by Rob Scott / @robscott33
The Top 16 didn’t exactly burst into life on Thursday night, but Euroleague is back and that is all that matters. ELA watched Real Madrid stumble to an 80-64 win over Partizan Belgrade and Panathinaikos smother EA7 Milano 73-57. So, with less pause than a Keith Langford mid-range jumper, here are five takeaways from those two games:
1: Madrid might have lost to a team that could score
Partizan Belgrade, roared on by 21,374 bouncing, chanting, flag-waving diehards, hung on until the fourth quarter but ultimately couldn’t get past a sloppy, often lacklustre Madrid team. This was a blueprint for how Madrid might lose a big game – Jaycee Carroll and Sergio Llull combined for 1-for-13 from three point range, and they scored only 11 points in the third quarter, their lowest mark of the Euroleague season. The problem for Partizan was, they only scored 10 themselves.
Madrid’s problem wasn’t always creating shots, it was finishing them. Carroll and Llull would normally have buried at least a few of the looks they got. Despite Partizan mixing up their defensive strategy with hard hedging and a few short tries at a matchup zone, eventually Madrid found the shots to get them over the line. Trapping in the corner worked for a couple of possessions when this was still a game early in the fourth but then Sergio Rodriguez hit from deep NBA range. There’s only so much a team of limited means can do to stop Madrid from scoring, but their offense was sloppy and if they had been put under more pressure at the other end, the game would have been very different.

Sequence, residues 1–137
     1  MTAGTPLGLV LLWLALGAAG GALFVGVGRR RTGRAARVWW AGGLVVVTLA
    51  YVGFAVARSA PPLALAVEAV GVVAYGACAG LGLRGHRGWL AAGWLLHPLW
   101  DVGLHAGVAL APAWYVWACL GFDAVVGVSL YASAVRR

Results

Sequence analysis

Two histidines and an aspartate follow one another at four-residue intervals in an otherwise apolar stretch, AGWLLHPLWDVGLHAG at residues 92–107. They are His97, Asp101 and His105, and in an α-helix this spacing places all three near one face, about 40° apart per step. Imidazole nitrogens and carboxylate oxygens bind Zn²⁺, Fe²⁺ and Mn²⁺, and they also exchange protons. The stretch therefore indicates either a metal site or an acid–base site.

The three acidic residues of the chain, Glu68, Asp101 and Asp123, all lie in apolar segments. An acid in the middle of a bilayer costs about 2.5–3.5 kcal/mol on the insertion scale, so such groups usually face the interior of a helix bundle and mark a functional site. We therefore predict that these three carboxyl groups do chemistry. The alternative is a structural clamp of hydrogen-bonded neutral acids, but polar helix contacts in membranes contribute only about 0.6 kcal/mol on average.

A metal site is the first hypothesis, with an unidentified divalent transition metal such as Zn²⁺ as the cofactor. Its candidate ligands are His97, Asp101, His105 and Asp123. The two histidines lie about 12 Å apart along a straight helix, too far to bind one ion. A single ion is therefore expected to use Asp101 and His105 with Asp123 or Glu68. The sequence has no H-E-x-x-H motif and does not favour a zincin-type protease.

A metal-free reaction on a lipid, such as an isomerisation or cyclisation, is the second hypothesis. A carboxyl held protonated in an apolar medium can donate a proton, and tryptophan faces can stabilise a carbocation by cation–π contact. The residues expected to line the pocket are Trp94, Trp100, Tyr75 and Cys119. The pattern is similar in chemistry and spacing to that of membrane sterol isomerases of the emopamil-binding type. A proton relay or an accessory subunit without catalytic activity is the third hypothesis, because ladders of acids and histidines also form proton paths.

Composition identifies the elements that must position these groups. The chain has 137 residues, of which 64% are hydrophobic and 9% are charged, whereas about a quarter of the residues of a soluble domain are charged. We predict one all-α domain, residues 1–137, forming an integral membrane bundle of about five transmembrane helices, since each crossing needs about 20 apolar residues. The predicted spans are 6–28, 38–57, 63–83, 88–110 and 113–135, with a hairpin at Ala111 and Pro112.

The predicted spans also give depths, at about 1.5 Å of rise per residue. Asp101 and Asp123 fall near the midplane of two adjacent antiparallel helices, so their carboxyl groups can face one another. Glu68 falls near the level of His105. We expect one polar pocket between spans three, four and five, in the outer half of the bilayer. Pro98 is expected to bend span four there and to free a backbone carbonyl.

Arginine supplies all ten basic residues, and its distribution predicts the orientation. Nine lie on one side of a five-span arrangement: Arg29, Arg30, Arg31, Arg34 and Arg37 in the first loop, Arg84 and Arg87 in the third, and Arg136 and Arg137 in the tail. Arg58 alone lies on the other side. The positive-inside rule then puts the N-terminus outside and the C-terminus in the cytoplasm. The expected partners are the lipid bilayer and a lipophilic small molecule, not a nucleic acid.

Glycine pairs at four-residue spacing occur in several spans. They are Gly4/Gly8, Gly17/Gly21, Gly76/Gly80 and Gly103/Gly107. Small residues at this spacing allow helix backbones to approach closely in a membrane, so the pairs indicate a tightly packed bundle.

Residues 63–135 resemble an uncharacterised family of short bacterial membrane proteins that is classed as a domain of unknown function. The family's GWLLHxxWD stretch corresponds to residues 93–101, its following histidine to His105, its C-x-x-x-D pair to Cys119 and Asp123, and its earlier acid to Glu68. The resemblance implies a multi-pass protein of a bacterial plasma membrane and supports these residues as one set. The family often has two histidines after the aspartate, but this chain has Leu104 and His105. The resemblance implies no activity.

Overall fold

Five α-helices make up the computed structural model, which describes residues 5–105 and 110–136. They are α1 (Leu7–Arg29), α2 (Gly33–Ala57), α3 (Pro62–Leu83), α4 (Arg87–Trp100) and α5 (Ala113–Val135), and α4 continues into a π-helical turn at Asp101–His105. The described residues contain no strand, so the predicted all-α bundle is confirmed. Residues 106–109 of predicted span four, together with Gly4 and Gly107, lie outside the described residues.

The game was iced midway through the fourth. Darden buried a corner three after swift ball movement and then blocked Lauverge at the rim, an audacious play for one of Europe’s undercover athletic freaks. Then Rudy danced aimlessly with the ball around the top of the arc and drained one of his louche, provocative threes off the dribble that invite a wry smile from even his harshest haters.
Madrid have taken some punches in the ACB recently, against Tenerife and Valencia, and come out smiling. This team will eventually lose, possibly in the new few weeks, then we will find out if they have the mentality to come back. I have no doubt that they do – tonight, Chacho, Rudy and Bourousis were the dominant players, another week it could be Mirotic or Llull. They have the deepest roster in Europe, but they will need to respond to tougher challenges than tonight as the season rolls on.